Journal of Urban Health

, Volume 88, Issue 4, pp 700–717 | Cite as

Chronic Medical Conditions among Jail Detainees in Residential Psychiatric Treatment: A Latent Class Analysis



Studies of incarcerates with serious mental illnesses have found elevated rates of chronic medical conditions such as asthma and diabetes, and of infectious diseases such as tuberculosis compared with general population rates. This study explored the pattern of chronic medical conditions in a sample of adult detainees in psychiatric treatment in a large urban jail to develop a clinical profile encompassing the full range of medical conditions. A total of 431 male and female detainees were sampled with certainty from admissions to a residential psychiatric treatment program (overall recruitment rate = 67%). Interviews used the World Mental Health version of the Composite International Diagnostic Interview to assess psychiatric and substance use disorders per DSM-IV criteria and chronic medical conditions. Latent class analysis was conducted using 17 medical conditions as class indicators, yielding a 3-class model composed of: a latent class with a high to intermediate probability of multiple medical conditions (HMC; 12.5% of the sample); an intermediate class with a lower probability of having a smaller number of medical conditions (MMC; 43.2%); and a class with a low probability of any medical condition (44.3%). Those in the HMC class were more likely to report respiratory problems, severe headaches, musculoskeletal pain, hypertension, and arthritis, have greater functional impairment, and have a higher number of co-occurring psychiatric disorders. Being older (50+ years) and female were associated with higher odds of being in the HMC or MMC classes. The policy implications for providing medical care to incarcerates with complex mixtures of medical conditions and psychiatric disorders are considered.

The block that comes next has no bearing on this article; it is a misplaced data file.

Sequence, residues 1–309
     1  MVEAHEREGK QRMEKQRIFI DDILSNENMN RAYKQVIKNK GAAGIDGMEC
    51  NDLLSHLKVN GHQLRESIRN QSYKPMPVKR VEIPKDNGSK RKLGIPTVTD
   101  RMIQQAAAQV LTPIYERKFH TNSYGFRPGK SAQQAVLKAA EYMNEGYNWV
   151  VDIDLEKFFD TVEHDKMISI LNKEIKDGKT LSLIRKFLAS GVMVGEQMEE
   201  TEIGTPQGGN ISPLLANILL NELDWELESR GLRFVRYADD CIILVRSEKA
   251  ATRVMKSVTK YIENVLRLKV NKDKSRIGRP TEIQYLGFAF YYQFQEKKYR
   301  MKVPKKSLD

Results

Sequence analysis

Co-occurring disorders Medical complexity Chronic medical conditions Serious mental illness Jail detainees Latent class analysis 



This study was supported by grant no. 04-DB-BX-0043 awarded to the Illinois Criminal Justice Information Authority by the Bureau of Justice Assistance, Office of Justice Programs, US Department of Justice and by grant no. 5-R01-DA013943-05 from the National Institute on Drug Abuse. Points of view or opinions contained within this document are those of the author and do not necessarily represent the official position or policies of the US Department of Justice, the Illinois Criminal Justice Information Authority, or the National Institute on Drug Abuse.


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Copyright information

© The New York Academy of Medicine 2011

Authors and Affiliations

  1. 1.Jane Addams College of Social WorkUniversity of Illinois at ChicagoChicagoUnited States

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